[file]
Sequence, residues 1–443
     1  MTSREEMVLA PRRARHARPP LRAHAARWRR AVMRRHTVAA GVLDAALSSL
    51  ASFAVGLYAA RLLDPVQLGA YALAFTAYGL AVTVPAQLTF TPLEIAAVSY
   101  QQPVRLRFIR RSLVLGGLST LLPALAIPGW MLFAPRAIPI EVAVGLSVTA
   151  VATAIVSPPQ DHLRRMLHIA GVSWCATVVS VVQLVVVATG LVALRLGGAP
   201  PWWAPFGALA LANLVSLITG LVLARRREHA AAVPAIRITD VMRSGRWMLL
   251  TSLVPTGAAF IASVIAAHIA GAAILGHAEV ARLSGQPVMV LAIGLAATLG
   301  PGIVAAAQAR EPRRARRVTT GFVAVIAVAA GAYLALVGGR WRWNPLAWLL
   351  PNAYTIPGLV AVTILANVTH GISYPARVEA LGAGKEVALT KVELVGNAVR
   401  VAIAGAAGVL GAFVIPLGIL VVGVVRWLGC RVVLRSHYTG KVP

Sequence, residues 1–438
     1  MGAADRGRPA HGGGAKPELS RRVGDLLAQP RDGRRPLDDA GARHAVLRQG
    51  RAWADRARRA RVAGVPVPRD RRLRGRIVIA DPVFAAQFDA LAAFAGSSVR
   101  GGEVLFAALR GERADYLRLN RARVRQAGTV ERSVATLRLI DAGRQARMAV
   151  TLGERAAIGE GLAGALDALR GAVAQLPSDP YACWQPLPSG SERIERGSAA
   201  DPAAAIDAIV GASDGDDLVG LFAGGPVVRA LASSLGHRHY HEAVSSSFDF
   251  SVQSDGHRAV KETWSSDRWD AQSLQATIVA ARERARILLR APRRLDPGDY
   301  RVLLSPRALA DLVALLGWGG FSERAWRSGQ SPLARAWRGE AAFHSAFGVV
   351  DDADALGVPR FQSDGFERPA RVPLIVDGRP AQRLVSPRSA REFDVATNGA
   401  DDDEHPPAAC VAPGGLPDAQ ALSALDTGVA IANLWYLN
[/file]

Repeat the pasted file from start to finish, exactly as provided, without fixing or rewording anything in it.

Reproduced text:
Sequence, residues 1–443
     1  MTSREEMVLA PRRARHARPP LRAHAARWRR AVMRRHTVAA GVLDAALSSL
    51  ASFAVGLYAA RLLDPVQLGA YALAFTAYGL AVTVPAQLTF TPLEIAAVSY
   101  QQPVRLRFIR RSLVLGGLST LLPALAIPGW MLFAPRAIPI EVAVGLSVTA
   151  VATAIVSPPQ DHLRRMLHIA GVSWCATVVS VVQLVVVATG LVALRLGGAP
   201  PWWAPFGALA LANLVSLITG LVLARRREHA AAVPAIRITD VMRSGRWMLL
   251  TSLVPTGAAF IASVIAAHIA GAAILGHAEV ARLSGQPVMV LAIGLAATLG
   301  PGIVAAAQAR EPRRARRVTT GFVAVIAVAA GAYLALVGGR WRWNPLAWLL
   351  PNAYTIPGLV AVTILANVTH GISYPARVEA LGAGKEVALT KVELVGNAVR
   401  VAIAGAAGVL GAFVIPLGIL VVGVVRWLGC RVVLRSHYTG KVP

Sequence, residues 1–438
     1  MGAADRGRPA HGGGAKPELS RRVGDLLAQP RDGRRPLDDA GARHAVLRQG
    51  RAWADRARRA RVAGVPVPRD RRLRGRIVIA DPVFAAQFDA LAAFAGSSVR
   101  GGEVLFAALR GERADYLRLN RARVRQAGTV ERSVATLRLI DAGRQARMAV
   151  TLGERAAIGE GLAGALDALR GAVAQLPSDP YACWQPLPSG SERIERGSAA
   201  DPAAAIDAIV GASDGDDLVG LFAGGPVVRA LASSLGHRHY HEAVSSSFDF
   251  SVQSDGHRAV KETWSSDRWD AQSLQATIVA ARERARILLR APRRLDPGDY
   301  RVLLSPRALA DLVALLGWGG FSERAWRSGQ SPLARAWRGE AAFHSAFGVV
   351  DDADALGVPR FQSDGFERPA RVPLIVDGRP AQRLVSPRSA REFDVATNGA
   401  DDDEHPPAAC VAPGGLPDAQ ALSALDTGVA IANLWYLN